When my foreign friends (or even some Nepali ones) ask me how my family is, I always find it difficult to answer. It may seem to be a very simple question, but my understanding of ‘my family,’ and that of the questioner might be very different. Family is often times translated in Nepali as parivar. But in Nepali we hardly ever ask: ‘how is your parivar?’ Perhaps the Nepali equivalent would be: Ghartira kasto chha? Jahan-parivarlai kasto chha? Ghar-parivarko hal ke chha? Here ghar, jahan-parivar, or ghar-parivar all have different shades of meanings.
When my daughter’s school lesson requires her to write who is in her family, I tell her that she has six members in her family, which includes my parents who do not live with us in Kathmandu but in Pokhara along with a distant relative of ours. Even though by now I have lived half of my life in Kathmandu away from my parents, never do I visualise my family without them.
But when I started earning, the state branded me as a single member family and then took away a certain percent of my income as tax. It did not care to ask me whether I had to support the people I viewed as ‘family’. What the legal document related to income tax is thus essentially implying is that my parents or my siblings are not part of my family. However, when it comes to ancestral property the same state may have a different definition of the family.
Problem of omission
Now a catastrophe has struck and the state, willingly or unwillingly, is saying that it will help the victims. But it has faced difficulty in categorising the victims and their families. Is only the ‘owner’ of the house a victim? Are the many ‘families’ who inhabit the same house—but may or may not share the same kitchen—not equally eligible to receive compensation? If not, why? Does the state income law not already define a family and tax accordingly? Can the state have two definitions of the family, one for imposing tax and another for handing out compensation? Before putting blame on the victims and their local political interlocutors, one has to first unpack this seemingly simple but utterly complex category called family, and the state’s duplicitous definition of it.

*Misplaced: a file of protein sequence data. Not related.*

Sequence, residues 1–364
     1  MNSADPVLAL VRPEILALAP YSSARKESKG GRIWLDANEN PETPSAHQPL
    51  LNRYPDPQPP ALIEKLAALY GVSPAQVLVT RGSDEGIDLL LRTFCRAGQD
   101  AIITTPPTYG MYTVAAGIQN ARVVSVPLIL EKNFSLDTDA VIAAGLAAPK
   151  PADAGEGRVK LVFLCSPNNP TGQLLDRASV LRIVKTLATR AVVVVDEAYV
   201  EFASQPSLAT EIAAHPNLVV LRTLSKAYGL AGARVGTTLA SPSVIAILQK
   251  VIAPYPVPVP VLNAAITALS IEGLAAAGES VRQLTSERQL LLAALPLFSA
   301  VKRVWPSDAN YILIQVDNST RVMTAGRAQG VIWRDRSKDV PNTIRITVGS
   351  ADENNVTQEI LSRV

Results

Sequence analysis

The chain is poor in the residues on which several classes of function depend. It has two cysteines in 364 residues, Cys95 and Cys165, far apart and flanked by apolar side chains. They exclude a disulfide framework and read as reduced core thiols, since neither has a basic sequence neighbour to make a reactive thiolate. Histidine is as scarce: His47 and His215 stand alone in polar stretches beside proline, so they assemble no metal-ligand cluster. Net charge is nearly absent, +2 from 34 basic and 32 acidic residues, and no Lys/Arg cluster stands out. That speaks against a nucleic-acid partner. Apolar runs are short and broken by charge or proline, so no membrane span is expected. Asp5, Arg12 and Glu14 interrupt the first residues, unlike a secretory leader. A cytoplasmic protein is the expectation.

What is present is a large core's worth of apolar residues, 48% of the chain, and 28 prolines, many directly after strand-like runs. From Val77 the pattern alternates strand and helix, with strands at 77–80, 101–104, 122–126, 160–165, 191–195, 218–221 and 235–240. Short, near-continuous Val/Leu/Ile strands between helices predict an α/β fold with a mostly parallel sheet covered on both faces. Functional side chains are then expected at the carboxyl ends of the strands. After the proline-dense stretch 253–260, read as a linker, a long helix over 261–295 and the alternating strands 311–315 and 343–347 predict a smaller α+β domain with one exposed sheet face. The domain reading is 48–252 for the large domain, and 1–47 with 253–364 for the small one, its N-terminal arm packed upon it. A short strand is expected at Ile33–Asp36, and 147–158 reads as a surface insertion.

The new high-tech census may produce more ‘accurate’ information of the damages, and may provide data congruent with the figures from the last national census of 2011. But this is not going to resolve my question. This means the problem of omission will be significant and many victims, obviously the poor ones with relatively less agency, are likely to be neglected in the so-called rehabilitation and reconstruction stage. When the category that the state creates or uses is seriously flawed and is incongruent with the lived social realities of the citizens of the country, the consequences can be tragic for many victims of the 2015 earthquakes. Blaming the victims or political parties is hardly helpful in this case.
Parajuli is a researcher at Martin Chautari